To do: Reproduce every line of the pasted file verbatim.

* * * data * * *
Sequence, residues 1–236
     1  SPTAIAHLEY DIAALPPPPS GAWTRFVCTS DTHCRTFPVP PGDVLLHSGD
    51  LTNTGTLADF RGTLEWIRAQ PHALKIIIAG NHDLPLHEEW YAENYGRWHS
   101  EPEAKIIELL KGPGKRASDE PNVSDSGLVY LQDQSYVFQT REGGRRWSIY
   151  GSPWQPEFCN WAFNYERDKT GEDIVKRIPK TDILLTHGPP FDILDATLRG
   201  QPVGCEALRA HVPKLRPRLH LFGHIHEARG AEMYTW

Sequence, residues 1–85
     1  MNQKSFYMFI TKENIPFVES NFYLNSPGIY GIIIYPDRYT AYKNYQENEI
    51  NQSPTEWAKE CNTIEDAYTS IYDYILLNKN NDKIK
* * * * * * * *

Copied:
Sequence, residues 1–236
     1  SPTAIAHLEY DIAALPPPPS GAWTRFVCTS DTHCRTFPVP PGDVLLHSGD
    51  LTNTGTLADF RGTLEWIRAQ PHALKIIIAG NHDLPLHEEW YAENYGRWHS
   101  EPEAKIIELL KGPGKRASDE PNVSDSGLVY LQDQSYVFQT REGGRRWSIY
   151  GSPWQPEFCN WAFNYERDKT GEDIVKRIPK TDILLTHGPP FDILDATLRG
   201  QPVGCEALRA HVPKLRPRLH LFGHIHEARG AEMYTW

Sequence, residues 1–85
     1  MNQKSFYMFI TKENIPFVES NFYLNSPGIY GIIIYPDRYT AYKNYQENEI
    51  NQSPTEWAKE CNTIEDAYTS IYDYILLNKN NDKIK